Britain has avoided falling into its third recession since the 2008 global financial crisis, after the economy grew by a better-than-expected 0.3% in the first quarter of 2013 compared with the final three months of last year, official data showed on Thursday.
In a major boost to Prime Minister David Cameron's coalition government, the Office for National Statistics revealed that British GDP expanded by 0.3% in the January-March period.
That marked a rebound from the fourth quarter of 2012, when the economy shrank by 0.3%, the ONS added in a statement.
The technical definition of recession is two successive quarters of contracting economic activity.
Today's figures are an encouraging sign the economy is healing, said finance minister George Osborne. Despite a tough economic backdrop, we are making progress the Chancellor of the Exchequer added in a statement.
In reaction to the impressive growth, the British pound rallied to a three-week high against the Euro and a two-month peak against the dollar.
The positive GDP figure comes after Fitch last week stripped Britain of its top triple-A rating, moving it down one notch to 'AA+' amid fears that the government's austerity program was hurting economic recovery.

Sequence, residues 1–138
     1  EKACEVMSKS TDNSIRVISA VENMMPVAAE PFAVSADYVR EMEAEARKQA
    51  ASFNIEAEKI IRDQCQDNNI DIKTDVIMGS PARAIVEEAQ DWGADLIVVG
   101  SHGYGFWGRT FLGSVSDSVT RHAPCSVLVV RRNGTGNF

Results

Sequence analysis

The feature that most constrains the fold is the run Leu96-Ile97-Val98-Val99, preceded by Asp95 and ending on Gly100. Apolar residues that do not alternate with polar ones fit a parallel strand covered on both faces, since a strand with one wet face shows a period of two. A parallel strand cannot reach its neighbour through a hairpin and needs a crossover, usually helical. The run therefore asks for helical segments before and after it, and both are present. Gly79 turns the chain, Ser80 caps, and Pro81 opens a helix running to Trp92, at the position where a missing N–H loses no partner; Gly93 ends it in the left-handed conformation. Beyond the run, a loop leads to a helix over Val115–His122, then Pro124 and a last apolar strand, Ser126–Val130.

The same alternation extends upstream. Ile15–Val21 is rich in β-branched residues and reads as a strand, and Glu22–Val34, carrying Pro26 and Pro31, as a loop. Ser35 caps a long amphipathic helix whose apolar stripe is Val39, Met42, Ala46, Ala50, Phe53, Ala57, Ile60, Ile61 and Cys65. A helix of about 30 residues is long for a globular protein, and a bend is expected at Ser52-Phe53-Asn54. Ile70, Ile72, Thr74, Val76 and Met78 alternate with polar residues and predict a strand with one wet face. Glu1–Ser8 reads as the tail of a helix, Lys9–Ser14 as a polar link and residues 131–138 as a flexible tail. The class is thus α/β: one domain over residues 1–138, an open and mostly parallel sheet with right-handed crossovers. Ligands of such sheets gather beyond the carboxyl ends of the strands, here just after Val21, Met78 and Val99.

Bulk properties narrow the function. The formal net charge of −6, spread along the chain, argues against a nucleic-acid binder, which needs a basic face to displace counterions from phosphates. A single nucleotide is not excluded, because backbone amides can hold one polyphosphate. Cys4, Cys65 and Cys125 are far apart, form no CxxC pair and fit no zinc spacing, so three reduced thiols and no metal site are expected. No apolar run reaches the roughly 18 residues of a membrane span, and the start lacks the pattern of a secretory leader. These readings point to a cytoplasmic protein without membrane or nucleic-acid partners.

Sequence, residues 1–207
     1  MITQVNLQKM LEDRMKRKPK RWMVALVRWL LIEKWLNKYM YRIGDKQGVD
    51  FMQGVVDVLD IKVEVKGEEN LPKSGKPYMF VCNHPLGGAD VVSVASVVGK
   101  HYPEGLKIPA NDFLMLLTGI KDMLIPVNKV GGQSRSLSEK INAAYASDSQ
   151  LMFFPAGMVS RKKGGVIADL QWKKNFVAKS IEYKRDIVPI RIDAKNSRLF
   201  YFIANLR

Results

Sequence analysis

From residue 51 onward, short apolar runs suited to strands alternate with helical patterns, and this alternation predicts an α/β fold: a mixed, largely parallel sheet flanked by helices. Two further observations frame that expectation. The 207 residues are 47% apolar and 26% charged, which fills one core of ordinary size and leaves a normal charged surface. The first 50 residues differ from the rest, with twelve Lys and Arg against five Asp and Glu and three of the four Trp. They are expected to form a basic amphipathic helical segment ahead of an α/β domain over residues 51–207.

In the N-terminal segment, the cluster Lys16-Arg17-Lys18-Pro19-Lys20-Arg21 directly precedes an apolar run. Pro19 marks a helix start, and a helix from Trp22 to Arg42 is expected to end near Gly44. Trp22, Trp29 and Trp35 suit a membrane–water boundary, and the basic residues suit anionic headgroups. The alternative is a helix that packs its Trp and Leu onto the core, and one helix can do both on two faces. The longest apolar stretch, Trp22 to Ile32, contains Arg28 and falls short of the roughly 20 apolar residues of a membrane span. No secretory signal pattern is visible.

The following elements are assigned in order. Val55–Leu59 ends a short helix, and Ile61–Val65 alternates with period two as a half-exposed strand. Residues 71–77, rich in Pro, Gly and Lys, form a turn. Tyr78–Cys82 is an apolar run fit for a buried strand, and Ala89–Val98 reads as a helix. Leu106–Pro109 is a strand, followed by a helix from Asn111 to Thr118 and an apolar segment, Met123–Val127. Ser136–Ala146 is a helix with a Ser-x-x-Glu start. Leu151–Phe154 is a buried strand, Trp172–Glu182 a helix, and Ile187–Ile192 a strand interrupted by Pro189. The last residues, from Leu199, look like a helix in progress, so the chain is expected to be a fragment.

The downgrade comes two months after rival ratings agency Moody's also stripped Britain of a triple-A debt rating, saying government debt was still mounting and that growth was too weak to reverse the trend before 2016. Downgrades can cause a country to pay higher interest for its debt.
The ONS added that Britain's economy expanded by 0.6 percent in the January-March period compared with the first quarter of 2012. Growth was driven by a solid services sector, which grew by 0.6% in the first quarter thanks to strong performance by the retail, hotel and restaurant industries. The production sector expanded 0.2%, while the construction industry slid 2.5%.